French Toast + Nectarine Compote

French Toast + Nectarine Compote


My French Toast Compote was intended for peaches, as was most every other recipe available on the internet.  You would think in that never-ending series of tubes and wires, the nectarine would have found a home.  But alas, it’s relegated to the bottom paragraphs of peach recipes where it’s mentioned as an alternative.

The nectarine is not an alternative, it’s a star.  It’s made for the spotlight and the spotlight tastes of delicious French toast.

For the compote, I combined sliced nectarines, sugar, water, and spices in a saucepan heated to medium, and stirred until they were all incorporated.  This took some vigorous stirring, which in a kitchen makes you feel important and knowledgeable.  It’s best to stir with a crowd around you so everyone knows that you’re important and knowledgeable.

Turning my attention to the French toast, I combined eggs, milk, and vanilla in a mixing bowl and whisked away.  During my past forays with French toast, I’ve skimped on the eggs.  Don’t.  If you want a nice crust on your toast, you need those eggs in the mix.

I heated up another sauté pan, threw in some butter, and began dipping my thickly sliced bread into the mixture.  While some recipes call for leaving your bread submerged in the mix, I dipped them only momentarily.  If my bread had been stale—stale bread makes for the best French toast—it would have withstood a few minutes in the mixture.  But with fresh bread, it’s too easy for it to become super-saturated.

Letting the excess mixture drip off the bread, I moved the toast to the pan and waited.  It’s important to be patient; the crust needs time to develop.  After 3-5 minutes on one side, I flipped them.  Once both sides were cooked, I moved them to my 300’ oven so they would stay warm and cook for a few more minutes to remove any possibility of raw eggs.

Returning my attention to the compote, I stirred the mixture and reveled in its delightfully goopy consistency.  I pulled the mixture from the heat and took my toast from the oven after another five minutes.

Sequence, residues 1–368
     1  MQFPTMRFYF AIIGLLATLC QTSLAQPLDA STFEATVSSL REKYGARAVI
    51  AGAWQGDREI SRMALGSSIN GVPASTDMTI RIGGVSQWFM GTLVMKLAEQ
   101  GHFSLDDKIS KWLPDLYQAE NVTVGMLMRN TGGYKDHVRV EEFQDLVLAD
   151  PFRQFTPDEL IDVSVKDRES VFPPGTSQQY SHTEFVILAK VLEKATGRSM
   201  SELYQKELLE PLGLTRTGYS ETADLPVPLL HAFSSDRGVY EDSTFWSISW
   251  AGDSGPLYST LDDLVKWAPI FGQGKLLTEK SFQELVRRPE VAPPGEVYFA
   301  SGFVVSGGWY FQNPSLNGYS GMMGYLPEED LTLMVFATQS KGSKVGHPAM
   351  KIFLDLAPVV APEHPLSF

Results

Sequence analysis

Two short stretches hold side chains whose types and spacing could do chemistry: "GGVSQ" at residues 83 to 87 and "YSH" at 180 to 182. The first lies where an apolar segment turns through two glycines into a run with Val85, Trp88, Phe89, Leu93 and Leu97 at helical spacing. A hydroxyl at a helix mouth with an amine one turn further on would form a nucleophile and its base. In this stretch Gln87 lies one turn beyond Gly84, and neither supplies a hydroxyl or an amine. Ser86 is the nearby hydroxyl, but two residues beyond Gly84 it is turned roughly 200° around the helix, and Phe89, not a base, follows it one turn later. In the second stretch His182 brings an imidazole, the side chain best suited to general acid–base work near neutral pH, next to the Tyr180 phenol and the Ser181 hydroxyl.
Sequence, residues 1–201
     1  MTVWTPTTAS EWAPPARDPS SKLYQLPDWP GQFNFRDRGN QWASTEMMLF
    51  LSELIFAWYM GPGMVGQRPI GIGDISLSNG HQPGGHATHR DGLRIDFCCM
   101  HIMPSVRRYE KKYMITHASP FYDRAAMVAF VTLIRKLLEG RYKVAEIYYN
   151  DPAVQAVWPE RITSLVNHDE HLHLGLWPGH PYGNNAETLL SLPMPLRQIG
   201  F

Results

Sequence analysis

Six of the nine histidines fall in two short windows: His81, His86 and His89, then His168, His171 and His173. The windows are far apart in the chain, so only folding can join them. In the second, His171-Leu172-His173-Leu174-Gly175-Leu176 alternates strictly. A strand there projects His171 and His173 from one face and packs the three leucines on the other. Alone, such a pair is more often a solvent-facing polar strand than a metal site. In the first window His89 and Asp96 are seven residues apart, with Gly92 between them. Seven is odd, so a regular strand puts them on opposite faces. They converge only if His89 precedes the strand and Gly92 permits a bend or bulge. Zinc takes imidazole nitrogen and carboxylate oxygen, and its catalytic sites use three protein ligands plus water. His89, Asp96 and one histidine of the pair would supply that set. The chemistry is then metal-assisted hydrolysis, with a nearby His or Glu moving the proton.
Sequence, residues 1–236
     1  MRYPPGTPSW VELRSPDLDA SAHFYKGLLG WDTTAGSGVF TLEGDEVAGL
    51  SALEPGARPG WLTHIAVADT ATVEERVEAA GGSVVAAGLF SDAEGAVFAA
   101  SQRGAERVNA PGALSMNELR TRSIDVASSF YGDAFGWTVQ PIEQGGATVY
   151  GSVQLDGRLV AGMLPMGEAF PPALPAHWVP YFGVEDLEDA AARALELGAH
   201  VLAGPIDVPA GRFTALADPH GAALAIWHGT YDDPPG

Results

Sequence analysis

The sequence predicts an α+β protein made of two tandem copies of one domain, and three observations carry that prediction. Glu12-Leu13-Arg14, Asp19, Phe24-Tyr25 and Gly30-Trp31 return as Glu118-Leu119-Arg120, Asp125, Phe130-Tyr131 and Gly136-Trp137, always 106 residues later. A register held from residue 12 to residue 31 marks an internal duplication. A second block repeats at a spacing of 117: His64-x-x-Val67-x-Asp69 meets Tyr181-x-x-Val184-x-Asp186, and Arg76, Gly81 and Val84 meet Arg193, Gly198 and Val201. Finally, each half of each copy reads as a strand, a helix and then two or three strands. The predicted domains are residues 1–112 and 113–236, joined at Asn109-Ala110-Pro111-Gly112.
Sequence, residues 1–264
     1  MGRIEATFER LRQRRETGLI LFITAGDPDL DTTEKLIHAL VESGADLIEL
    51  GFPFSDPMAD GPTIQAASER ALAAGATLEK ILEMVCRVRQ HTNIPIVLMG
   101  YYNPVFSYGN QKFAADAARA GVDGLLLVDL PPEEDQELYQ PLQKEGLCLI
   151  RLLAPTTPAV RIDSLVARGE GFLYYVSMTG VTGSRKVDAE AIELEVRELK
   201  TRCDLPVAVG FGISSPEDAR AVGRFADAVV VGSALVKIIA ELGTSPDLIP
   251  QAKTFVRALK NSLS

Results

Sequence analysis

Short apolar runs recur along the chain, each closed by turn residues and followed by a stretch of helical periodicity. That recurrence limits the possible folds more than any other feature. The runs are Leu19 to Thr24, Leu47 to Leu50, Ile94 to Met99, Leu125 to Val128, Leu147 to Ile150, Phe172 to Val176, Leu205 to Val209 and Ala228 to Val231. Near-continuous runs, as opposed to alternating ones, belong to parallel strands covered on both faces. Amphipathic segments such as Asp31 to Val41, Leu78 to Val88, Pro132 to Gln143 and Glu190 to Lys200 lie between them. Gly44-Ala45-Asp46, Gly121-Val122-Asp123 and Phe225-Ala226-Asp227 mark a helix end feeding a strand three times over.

Then I ate French toast.

Instructions:

  • 1 1-pound package frozen unsweetened sliced peaches nectarines
  • 1/2 cup (packed) golden brown sugar
  • 1/4 cup water
  • 1 teaspoon ground cinnamon
  • 1/2 teaspoon ground nutmeg
  • 5 large eggs
  • 1/2 cup milk (do not use low-fat or nonfat)
  • 1 teaspoon vanilla extract
  • 8 1/2-inch-thick slices egg bread
  • 3 tablespoons butter
  • Maple syrup

Preheat oven to 300°F. Place baking sheet in oven. Combine peaches nectarines, brown sugar, 1/4 cup water, cinnamon and nutmeg in heavy medium saucepan. Cook compote over medium heat until liquid is reduced to medium-thick syrup, stirring occasionally, about 15 minutes.

Whisk eggs, milk and vanilla in large glass baking dish until well blended. Arrange bread slices in egg mixture. Let stand until egg mixture is absorbed, turning once, about 5 minutes.

Melt 1 1/2 tablespoons butter in large nonstick skillet over medium-low heat. Add 4 bread slices to skillet. Cook until golden brown, about 5 minutes per side. Transfer to baking sheet in oven. Repeat with remaining 1 1/2 tablespoons butter and 4 bread slices. Serve with peach nectarine compote and maple syrup.

Recipe courtesy of Epicurious.

The Fruit Company® got its start in 1942 when Roy Webster began selling apples and pears from his orchards located in Hood River, Oregon. The area was perfect for growing fruit thanks to the volcanically enriched soil and glacial water from the nearby Mt. Hood. The fruit was exceptional. The company was passed down from father to son and today is owned and operated by Roy's Grandson Scott Webster.

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